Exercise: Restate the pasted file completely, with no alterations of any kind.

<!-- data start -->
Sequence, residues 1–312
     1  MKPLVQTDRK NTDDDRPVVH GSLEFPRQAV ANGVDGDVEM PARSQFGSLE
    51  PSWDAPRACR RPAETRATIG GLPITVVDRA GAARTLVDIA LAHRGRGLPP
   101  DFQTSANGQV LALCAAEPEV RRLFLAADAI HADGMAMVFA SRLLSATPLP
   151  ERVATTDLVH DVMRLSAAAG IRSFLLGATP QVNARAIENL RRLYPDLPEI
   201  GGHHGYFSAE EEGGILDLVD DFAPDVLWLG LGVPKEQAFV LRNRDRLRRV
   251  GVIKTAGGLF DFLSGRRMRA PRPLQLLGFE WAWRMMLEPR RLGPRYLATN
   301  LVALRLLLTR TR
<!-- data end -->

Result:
Sequence, residues 1–312
     1  MKPLVQTDRK NTDDDRPVVH GSLEFPRQAV ANGVDGDVEM PARSQFGSLE
    51  PSWDAPRACR RPAETRATIG GLPITVVDRA GAARTLVDIA LAHRGRGLPP
   101  DFQTSANGQV LALCAAEPEV RRLFLAADAI HADGMAMVFA SRLLSATPLP
   151  ERVATTDLVH DVMRLSAAAG IRSFLLGATP QVNARAIENL RRLYPDLPEI
   201  GGHHGYFSAE EEGGILDLVD DFAPDVLWLG LGVPKEQAFV LRNRDRLRRV
   251  GVIKTAGGLF DFLSGRRMRA PRPLQLLGFE WAWRMMLEPR RLGPRYLATN
   301  LVALRLLLTR TR